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Laurel & Hardy: The Fox Years (2006)

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Himself (archive footage)
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Himself (archive footage)
Scott MacGillivray ...
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Himself (as Richard Correll)
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12 September 2006 (USA)  »

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Very interesting...too bad the films made during this era just weren't that good
24 May 2008 | by (Bradenton, Florida) – See all my reviews

Between 1941 and 1945, Laurel and Hardy made six rather mediocre films for Fox studios. These six films as well as another film for MGM and RKO were all sub-par--mostly because these studios didn't have the same special touch for making Laurel and Hardy films that Hal Roach Studios had. The boys were there, but the films themselves were very much unlike their earlier efforts. Some of this no doubt was due to their advancing age as well as the repetitive nature of the films, but most of the problem seemed due to a real ambivalence by these larger studios for the team. Instead of allowing them creative control and asking for their input, they were simply handed scripts by hacks and were expected to follow them exactly and with no improvisation. That was just nuts, but the powers that be demanded it.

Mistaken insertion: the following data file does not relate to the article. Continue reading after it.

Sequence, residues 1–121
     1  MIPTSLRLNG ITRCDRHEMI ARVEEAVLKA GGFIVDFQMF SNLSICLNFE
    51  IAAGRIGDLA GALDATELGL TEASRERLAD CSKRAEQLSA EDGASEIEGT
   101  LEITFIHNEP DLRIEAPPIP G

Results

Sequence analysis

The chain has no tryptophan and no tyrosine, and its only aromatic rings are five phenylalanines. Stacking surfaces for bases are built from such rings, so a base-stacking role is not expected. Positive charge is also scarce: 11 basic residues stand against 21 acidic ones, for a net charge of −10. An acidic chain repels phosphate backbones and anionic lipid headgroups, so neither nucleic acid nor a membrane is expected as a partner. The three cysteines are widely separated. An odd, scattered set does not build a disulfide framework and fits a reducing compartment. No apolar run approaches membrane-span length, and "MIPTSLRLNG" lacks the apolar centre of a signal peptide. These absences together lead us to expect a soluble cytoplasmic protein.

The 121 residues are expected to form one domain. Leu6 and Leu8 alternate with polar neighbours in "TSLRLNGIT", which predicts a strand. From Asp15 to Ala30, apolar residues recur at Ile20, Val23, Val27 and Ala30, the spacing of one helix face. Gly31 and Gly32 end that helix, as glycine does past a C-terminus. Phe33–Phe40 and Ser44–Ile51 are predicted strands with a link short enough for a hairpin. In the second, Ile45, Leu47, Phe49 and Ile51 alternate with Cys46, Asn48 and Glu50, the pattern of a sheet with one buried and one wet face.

However, despite all these deficiencies, this documentary that was prepared for the DVD release of the six Fox films seems to indicate that these films were STILL Hollywood gold. While I have recently seen all six and agree they aren't collectively as bad as some books on the team have asserted, they certainly weren't much better than genial time-passers. The best of them, JITTERBUGS and THE BULLFIGHTERS were perhaps a bit better and the worst, THE BIG NOISE, was like a giant migraine--certainly not the great films the documentary claims.

However, when not shamelessly promoting these mediocre films, the documentary gave some very nice insight into the team outside of the camera--particularly regarding Stanley. The final portion about some kids who often visited with the genial Mr. Laurel was really touching and actually made the whole thing worth while. While Stan's personal life had problems (several failed marriages), it was nice to hear what a sweet fellow he was to ordinary fans.


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